|Object ID #||1956.019.001|
|Title||Bronze Bust of Queen Victoria (1897)|
|Lexicon category||8: Communication Artifact|
|Made||James Humphrey (Moulder)|
|Place of Origin||Toronto, Ontario|
One cast bronze bust of Queen Victoria. It was one of a group of similar busts made in 1897 at Toronto, Ontario, for the Queen's Diamond Jubilee. The mould for this bust was made by James Humphrey, the donor's father. The bust is emboss-cast on the back with "H. MacCarthy, R.C.A. Sculptor Reg'd 1897", as well as with a large mark that includes the letter "R". The bust is heavy, but hollow. The pedestal area has corners with winged lion motifs. The front of the pedestal has a lion and unicorn holding a quartered circle, with the royal motto of "Honi Soit Qui Mal Pense". Under each word of the above, there is a design. There is a crown motif above the circle. The Queen is depicted with a crown, a shoulder sash, a bead necklace, and has 2 medals on the sash. The crown has a tab and hole for attaching it. There is also a detached "dome" part to the crown. (a-c) The cream-coloured oval base was added by museum staff in order to help stabalize it when it is exhibited.
a - is the bust
b - is a part unknown
c- is the small detachable crown
|Makers mark||The bust is emboss-cast on the back with "H. MacCarthy, R.C.A. Sculptor Reg'd 1897". There is also a large mark that incorporates a "R".|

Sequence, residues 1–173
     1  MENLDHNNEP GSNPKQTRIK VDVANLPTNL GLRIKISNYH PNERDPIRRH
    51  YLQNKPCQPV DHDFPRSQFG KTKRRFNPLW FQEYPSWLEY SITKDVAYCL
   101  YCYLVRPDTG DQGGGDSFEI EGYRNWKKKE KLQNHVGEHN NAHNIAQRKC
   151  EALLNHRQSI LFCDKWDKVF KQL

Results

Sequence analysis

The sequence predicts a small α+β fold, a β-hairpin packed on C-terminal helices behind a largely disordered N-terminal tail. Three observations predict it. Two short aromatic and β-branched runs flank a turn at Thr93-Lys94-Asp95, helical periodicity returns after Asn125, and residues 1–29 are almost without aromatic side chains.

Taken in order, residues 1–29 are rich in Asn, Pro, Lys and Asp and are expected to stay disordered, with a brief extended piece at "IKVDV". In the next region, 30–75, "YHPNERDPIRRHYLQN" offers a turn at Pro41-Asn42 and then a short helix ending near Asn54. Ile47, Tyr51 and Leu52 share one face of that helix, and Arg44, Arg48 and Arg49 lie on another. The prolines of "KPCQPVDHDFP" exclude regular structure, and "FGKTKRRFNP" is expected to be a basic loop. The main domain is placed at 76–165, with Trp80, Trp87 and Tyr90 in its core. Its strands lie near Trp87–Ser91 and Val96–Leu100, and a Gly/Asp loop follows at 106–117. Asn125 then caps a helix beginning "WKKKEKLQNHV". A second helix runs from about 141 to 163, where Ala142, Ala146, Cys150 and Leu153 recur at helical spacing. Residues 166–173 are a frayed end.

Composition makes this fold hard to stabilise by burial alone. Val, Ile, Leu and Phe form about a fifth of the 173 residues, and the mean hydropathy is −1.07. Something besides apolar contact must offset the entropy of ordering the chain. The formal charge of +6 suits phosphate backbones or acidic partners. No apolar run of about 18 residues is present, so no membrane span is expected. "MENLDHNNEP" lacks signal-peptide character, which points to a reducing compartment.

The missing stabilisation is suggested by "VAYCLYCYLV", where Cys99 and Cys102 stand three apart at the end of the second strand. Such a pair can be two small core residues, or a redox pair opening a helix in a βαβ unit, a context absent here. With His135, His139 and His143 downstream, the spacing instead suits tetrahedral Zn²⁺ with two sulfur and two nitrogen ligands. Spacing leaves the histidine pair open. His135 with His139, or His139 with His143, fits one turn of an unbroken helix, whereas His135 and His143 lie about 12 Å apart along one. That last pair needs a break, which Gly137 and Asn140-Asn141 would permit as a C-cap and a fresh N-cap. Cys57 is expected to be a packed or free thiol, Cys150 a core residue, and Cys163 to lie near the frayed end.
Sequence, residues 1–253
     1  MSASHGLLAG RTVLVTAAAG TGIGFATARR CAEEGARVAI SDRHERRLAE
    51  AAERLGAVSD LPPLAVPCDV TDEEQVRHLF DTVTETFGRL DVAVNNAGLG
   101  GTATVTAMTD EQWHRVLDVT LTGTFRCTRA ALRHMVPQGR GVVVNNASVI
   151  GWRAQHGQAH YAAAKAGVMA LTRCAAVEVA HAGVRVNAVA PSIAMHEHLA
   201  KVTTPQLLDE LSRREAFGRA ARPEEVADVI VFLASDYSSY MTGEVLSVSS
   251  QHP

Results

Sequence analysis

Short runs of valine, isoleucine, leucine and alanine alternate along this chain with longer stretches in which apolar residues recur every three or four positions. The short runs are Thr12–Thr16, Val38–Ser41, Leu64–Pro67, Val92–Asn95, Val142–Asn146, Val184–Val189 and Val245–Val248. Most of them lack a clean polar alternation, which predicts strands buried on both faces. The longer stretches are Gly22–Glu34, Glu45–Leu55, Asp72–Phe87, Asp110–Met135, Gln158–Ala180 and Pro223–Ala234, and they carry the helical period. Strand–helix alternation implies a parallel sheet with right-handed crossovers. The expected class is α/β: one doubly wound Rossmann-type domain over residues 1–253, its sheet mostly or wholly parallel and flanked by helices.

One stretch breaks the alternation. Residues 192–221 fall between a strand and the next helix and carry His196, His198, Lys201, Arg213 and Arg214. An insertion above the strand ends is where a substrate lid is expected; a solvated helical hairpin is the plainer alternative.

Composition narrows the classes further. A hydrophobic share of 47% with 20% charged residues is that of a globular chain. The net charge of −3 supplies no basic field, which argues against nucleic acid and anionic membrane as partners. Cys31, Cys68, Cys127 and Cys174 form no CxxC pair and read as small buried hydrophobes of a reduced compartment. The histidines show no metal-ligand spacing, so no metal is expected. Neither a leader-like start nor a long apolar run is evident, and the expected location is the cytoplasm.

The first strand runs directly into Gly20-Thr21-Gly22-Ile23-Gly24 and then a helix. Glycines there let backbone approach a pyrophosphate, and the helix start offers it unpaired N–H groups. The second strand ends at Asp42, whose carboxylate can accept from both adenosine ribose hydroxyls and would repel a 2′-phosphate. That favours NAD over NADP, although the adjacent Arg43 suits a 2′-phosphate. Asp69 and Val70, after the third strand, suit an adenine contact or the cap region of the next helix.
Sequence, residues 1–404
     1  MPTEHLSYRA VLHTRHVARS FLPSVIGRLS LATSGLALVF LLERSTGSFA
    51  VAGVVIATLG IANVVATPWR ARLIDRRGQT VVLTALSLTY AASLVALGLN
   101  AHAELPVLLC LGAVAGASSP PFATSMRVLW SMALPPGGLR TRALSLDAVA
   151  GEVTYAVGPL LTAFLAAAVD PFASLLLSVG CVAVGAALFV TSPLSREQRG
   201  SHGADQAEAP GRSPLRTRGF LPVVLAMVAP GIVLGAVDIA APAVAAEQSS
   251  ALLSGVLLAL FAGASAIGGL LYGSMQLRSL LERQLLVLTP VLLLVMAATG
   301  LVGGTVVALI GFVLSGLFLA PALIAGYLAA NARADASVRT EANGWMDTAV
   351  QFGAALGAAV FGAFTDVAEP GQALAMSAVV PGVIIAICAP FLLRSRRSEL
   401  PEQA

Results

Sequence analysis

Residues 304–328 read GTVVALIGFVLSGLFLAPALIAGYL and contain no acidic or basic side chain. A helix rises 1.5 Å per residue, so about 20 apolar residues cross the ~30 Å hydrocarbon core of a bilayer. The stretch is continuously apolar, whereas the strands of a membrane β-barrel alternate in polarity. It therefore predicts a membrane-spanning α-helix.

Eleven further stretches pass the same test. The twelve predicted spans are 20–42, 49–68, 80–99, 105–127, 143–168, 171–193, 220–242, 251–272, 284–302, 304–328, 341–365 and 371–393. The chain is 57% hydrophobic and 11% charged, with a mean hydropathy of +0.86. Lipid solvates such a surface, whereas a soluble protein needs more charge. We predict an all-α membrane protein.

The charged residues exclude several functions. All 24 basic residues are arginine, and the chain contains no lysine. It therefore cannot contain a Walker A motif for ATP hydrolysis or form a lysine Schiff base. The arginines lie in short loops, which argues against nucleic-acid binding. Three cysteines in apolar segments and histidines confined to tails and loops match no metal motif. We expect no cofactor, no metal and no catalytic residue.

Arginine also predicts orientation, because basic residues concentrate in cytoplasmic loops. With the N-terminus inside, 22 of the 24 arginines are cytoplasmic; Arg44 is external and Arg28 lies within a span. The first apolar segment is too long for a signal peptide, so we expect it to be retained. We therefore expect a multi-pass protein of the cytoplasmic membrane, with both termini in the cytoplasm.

This bust was one of a group of busts made by James Humphrey. This bust sat in their homes continually until 1955, on a pedestal, in the hall. When Mrs. James Humphrey died in 1955, the bust was sent to her sister, Mrs. William Taylor, of Owen Sound, Grey County, to be stored for Valera.
When Mrs. Taylor passed away in 1956, her daughter, Mrs. Catherine Little, was clearing the contents of her mother's house and brought the bust to the museum, on behalf of her cousin, Valera Cree (neé Humphrey).
|Collection||Fine Art Collection|
|Found||Owen Sound, Grey County|
|Function||This item was a souvenir of a British Royal Jubilee, to commemorate the long reign of Queen Victoria. It was displayed on a Victorian pedestal stand, in the hallway of a private home.|